It’s 2013 and I am still on hiatus from writing. For those of you who are just tuning in, I decided to take a break from writing fiction a year and a half ago to go back to school so I may get a better job to support me and my family, thus enabling me to write again. So, to all of you who hoped I’d be posting more writing-related stuff on here this year, I’m afraid you must prepare to be disappointed. I can’t say that I won’t post something here and there, but I don’t see a sudden year-long flurry in my writing-related posts when I don’t have the writing to talk about.
It it helps, you’re not the only ones waiting.
There is a memory device known as the method of loci. It’s been around since ancient Greek and Roman times, but it still shows up today in pop culture, from Hannibal Rising by Thomas Harris to the BBC incarnation of Sherlock. Method of loci is sometimes called the “palace of the mind”, as it involves the mental construction of a visual environment in which the thinker may store memories by linking them to a physical, even imagined, location. This is particularly well-described by Harris as Hannibal Lecter’s mental palace is an elaborate, decorated structure in tune with everything we know about the fictional serial killer.
I’m not so talented as Hannibal Lecter with his sprawling mental palace. I have a mental diner. It’s where the characters from my stories hang out when they’re not being called to duty in my fiction.
A young man sits at a table by the window. A tattoo in the shape of a sword hilt is barely visible on his chest above the open top of his white shirt. A beautiful dark-haired woman clings to his arm, occasionally casting wary glances at the demon sitting at the bar who stares at her with a immovable grin.
A few stools down from the demon, a man in all-black attire types away at a laptop and pointedly ignores the caped figure in the corner booth, giving an interview to several adoring reporters in the corner booth.
An older man sits near the door. His leathery face matches his worn cowboy boots and he absently rubs his Colt revolver with one hand and the silver cross tied around his neck with the other. The shot of tequila in front of him is untouched.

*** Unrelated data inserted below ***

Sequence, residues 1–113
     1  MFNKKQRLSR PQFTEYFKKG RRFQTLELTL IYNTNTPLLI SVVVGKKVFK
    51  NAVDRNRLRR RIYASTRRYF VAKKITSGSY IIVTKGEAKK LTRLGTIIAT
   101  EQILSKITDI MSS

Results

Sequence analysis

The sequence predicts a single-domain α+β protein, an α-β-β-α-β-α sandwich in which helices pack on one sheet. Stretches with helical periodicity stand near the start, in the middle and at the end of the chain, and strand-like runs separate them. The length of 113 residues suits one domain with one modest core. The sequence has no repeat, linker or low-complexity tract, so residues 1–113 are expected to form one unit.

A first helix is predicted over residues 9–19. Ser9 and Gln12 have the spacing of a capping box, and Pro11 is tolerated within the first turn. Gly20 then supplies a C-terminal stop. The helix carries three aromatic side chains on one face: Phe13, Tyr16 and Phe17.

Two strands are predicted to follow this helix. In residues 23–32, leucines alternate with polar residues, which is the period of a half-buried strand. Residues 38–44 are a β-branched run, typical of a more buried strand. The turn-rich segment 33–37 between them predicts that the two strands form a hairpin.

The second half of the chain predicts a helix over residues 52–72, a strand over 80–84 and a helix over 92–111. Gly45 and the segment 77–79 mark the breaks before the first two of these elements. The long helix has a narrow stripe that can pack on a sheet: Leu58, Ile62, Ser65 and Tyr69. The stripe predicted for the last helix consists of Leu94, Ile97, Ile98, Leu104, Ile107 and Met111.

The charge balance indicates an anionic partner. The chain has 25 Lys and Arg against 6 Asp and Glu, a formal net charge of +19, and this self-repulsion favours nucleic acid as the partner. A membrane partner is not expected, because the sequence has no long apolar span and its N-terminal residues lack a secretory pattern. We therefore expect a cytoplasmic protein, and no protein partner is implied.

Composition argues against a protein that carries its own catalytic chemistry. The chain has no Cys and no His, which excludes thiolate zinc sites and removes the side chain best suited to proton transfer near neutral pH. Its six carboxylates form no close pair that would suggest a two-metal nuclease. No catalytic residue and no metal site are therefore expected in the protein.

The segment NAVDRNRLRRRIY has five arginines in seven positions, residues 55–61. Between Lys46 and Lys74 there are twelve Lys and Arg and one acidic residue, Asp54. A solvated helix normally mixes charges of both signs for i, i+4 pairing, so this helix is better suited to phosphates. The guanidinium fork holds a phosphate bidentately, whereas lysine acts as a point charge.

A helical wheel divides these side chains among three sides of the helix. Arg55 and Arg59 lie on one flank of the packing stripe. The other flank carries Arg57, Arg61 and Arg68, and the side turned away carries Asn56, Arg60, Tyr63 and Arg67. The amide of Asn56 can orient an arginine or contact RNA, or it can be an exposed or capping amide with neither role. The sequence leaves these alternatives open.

Another older man sits in the back of the diner. Propped up next to him is a large box wrapped in thick chains. Occasionally, something inside causes the box to rock violently and the man looks upon it with tear-filled eyes.
A young girl sits at a table by another window. She sings quietly to herself while a dozen or so bees swirl around her head.
Near the door to the kitchen, a wizard sits staring at a picture of his terminally-ill mother as electricity crackles between his fingers.
An elf sits at the end of the bar. His head rests on the worn, polished wood and he snores too loudly for someone so small. A half-finished glass of milk rests in front of him next to police badge.
Finally, Santa Claus sits in the middle of the room. His hands shake as he pops a couple of Xanax and lights a cigarette. A highball glass and a bottle of Maker’s Mark sit in front of him and he jerks violently in surprise at the smallest noise.
Other characters come and go, but these are the regulars. They are they stalwarts—the ideas that are strong enough that they just won’t leave my head, even when I know I won’t be able to work on them for some time. They sit and dine and drink, sometimes watching the news on the television above the bar. Occasionally, one will take a restroom break or make a phone call to someone on the outside.
And, like you, they wait.